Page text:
Unlike other pre-WW2 Colchester Models (Master, Triumph and Mascot) that had been offered with either a geared headstock or flat-belt drive, the 5" x 24" gap-bed, backgeared and screwcutting pre-WW2 Bantam was sold only in the latter form as a basic lathe for coupling to an overhead line-shaft drive system or, at what would have been considerable extra cost, complete with a treadle and flywheel assembly for use in locations that lacked a power source. The designer of the stand and treadle must have been concerned to get as much mass into the system as possible for, not only was the flywheel suitable heavy, but the cast-iron foot plate of the treadle unit also of great weight.. By the middle of the 1930s it could also be had equipped with what the makers ambitiously referred to as a "self-contained" motor drive - in reality a rather clumsy and (even by then) old-fashioned countershaft system bolted at floor level to the back of the legs with the 0.5 h.p. 3-phase motor suspended under the heavy cast-iron chip tray. With a 1425 rpm motor the assembly allowed (with backgear), 6 speeds from around 28 to 450 rpm. The drive was equipped with two clutches, one turned by a "straight-run" belt for forward speeds and the other by a "crossed-belt" to give reverse. By this means the spindle could be stopped, started or reversed with the motor running; the mechanism on this type of drive complied with contemporary safety regulations and was shielded by wire-mesh guards.
All main castings were in close-grained grey iron, alloyed with steel, rough machined and then seasoned to relieve stress before being finely machined. The cross-braced, traditional-pattern Colchester bed was unusually wide for a 5-inch lathe and finish ground - as were all the other sliding surfaces - with the carriage running on front and back inverted Vees and the tailstock on a central V and flat. With the standard faceplate fitted a piece of material up to 3-inches thick and 14-inch in diameter could be turned in the permanently-open gap.
Cast as one with the bed to aid rigidity the headstock held a high carbon steel 0.75-inch bore spindle running in parallel-bore bronze bearings (the front some 1.75-inch in diameter by 2.75-inch long) and carried three cone pulleys 6, 51/4 and 4-inches in diameter driven by a 13/8" wide belt. The 1.5-inch by 8 t.p.i. spindle nose carried a ground register behind the thread (a refinement still not universal at the time); thrust was taken care of by a ball race and the 7 : 1 ratio backgear mounted under the spindle line, giving a very compact and rigid arrangement.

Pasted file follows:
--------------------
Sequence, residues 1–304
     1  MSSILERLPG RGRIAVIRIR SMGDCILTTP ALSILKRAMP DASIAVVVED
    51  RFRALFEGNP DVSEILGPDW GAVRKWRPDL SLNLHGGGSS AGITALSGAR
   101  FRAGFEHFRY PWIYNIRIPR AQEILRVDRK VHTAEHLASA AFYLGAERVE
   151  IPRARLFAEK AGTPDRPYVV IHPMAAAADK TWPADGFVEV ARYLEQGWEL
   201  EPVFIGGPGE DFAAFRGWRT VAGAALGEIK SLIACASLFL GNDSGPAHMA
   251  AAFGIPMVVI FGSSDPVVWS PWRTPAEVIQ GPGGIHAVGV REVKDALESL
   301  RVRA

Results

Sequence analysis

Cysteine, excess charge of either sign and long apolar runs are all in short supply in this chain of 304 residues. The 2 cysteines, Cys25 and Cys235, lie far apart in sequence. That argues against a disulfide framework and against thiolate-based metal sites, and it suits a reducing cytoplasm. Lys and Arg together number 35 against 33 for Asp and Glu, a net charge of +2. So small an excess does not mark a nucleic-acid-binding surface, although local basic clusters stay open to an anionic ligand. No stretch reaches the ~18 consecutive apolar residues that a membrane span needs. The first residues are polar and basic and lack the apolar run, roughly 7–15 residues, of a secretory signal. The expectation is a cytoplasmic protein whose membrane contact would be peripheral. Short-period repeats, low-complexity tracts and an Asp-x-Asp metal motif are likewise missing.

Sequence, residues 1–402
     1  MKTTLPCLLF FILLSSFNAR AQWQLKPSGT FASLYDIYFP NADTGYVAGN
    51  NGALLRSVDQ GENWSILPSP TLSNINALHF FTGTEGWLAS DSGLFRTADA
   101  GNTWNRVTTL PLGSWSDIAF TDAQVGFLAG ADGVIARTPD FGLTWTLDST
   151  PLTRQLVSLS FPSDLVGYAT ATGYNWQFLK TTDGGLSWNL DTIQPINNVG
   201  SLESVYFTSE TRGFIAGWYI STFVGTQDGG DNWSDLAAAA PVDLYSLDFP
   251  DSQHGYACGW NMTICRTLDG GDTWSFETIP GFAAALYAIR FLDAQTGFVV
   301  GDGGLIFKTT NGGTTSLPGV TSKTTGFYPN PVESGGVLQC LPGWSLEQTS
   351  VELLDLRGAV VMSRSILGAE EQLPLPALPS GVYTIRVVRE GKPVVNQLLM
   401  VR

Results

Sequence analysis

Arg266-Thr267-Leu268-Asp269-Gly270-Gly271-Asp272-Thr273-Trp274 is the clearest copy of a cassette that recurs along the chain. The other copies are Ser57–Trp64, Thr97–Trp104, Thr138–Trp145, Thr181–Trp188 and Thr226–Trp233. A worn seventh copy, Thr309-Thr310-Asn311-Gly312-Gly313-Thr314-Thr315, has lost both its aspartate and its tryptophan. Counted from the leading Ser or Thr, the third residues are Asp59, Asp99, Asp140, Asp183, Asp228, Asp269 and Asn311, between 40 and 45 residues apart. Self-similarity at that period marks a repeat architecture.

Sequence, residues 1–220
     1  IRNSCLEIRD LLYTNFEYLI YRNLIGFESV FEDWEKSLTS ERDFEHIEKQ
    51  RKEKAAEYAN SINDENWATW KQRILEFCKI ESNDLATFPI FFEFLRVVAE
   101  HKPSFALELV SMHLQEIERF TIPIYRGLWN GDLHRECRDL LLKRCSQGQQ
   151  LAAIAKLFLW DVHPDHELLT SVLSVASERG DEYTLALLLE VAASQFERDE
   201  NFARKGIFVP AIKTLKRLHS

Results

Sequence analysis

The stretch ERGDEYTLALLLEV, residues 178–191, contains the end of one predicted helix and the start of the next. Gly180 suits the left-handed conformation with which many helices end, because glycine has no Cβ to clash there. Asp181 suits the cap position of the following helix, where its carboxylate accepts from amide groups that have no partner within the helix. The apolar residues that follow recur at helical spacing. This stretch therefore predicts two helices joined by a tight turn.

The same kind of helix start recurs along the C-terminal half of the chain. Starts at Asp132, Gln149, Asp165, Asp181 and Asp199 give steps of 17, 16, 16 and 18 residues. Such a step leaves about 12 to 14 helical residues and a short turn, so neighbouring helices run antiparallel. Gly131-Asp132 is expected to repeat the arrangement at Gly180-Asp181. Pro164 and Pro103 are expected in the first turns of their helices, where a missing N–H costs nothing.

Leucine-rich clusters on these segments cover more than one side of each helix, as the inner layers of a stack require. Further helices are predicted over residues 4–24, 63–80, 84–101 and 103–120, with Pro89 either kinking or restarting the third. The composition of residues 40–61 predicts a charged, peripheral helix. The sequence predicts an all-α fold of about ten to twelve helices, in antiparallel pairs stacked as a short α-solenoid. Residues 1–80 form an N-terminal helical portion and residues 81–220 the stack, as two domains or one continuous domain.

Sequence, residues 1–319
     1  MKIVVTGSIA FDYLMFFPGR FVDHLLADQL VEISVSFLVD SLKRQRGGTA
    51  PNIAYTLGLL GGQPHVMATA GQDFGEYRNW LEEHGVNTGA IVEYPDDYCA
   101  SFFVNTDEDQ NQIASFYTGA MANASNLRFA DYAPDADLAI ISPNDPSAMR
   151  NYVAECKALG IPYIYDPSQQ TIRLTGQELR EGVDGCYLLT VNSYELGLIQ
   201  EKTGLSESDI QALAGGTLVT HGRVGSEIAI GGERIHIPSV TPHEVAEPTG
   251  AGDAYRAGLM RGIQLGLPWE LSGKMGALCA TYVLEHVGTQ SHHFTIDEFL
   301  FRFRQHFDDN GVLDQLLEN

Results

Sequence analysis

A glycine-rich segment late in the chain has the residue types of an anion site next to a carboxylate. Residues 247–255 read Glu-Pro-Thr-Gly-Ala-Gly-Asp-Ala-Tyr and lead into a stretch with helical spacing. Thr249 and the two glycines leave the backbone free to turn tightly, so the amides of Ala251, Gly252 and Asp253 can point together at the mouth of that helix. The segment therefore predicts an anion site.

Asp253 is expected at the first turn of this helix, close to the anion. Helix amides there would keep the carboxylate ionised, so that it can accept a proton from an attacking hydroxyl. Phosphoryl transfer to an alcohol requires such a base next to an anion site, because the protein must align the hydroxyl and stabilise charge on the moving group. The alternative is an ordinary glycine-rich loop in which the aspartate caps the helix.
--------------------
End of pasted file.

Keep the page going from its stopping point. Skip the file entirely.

Screwcutting was by changewheels, through an external tumble-reverse mechanism, and without the option of a gearbox; pitches from 4 to 60 t.p.i. could be generated by the standard 14-gear set with he inclusion of a 127t wheel allowing a range of metric pitches to be cut as well. The 6 t.p.i Acme-form leadscrew that was cut from a master certified by the National Physical Laboratory with the December 1931 certificate (.. Examination of the Pitch of a Leading Screw) proclaiming that, at 67°F, the pitch of the master was accurate to within 0.0002" over any 12-inch section and better than 0.003" over 36 inches - measured on either side of the thread flank. According to the test certificate the "master" leadscrew held by Colchester to check their production units was 2.5-inches in diameter, 113-inch long with a 69-inch threaded section with a: "square-thread cut with a right-hand pitch of half an inch". However, all was not good news for the paperwork added: "On removing the screw from the accurately aligned half-bearings in which it had been threaded , it was found that the screw had developed a permanent set of nearly 0.02 inch at the centre." Even so, once the leadscrew had been accurately set up on a testing bench, with the axis of the threaded section carefully aligned, the errors were still inside the stated limits expect for the first 12 inches - which was out by just 0.0001".
Using a decently-long saddle (though without T-slotted wings) the carriage assembly was a simple affair with no power cross feed and open gears to provide a reduction between carriage-traverse handwheel and the bed-mounted rack. The leadscrew clasp nuts were operated by an oval handle the frankly silly design of which did nothing to help oily hands get a grip.
On early lathes only the cross slide was fitted with a (small) micrometer dial but the top slide could be rotated through 360 degrees - and was locked by screws that passed through the cross slide to bear against an inverted conical spigot. One option was a proper, full-size T-slotted boring table that simple slide on in place of the ordinary cross slide. The standard toolpost, resembling that fitted to the Round Bed Drummond, could be rotated to any position and held tools in a choice of a rectangular slot or round hole.
With off-set available on its sole plate for taper turning the tailstock and had a ground-finished, No. 3 Morse taper barrel with self-eject.
Supplied as standard with the lathe were a faceplate, travelling steady, two No. 3 Morse centres, a thread-dial indicator, 14 changewheels, tables for Whitworth and metric threads and the necessary spanners. Unfortunately, on one example examined (though all may not have been so equipped), the metric section of the brass thread-cutting chart contained an error in the arrangement of the changewheels..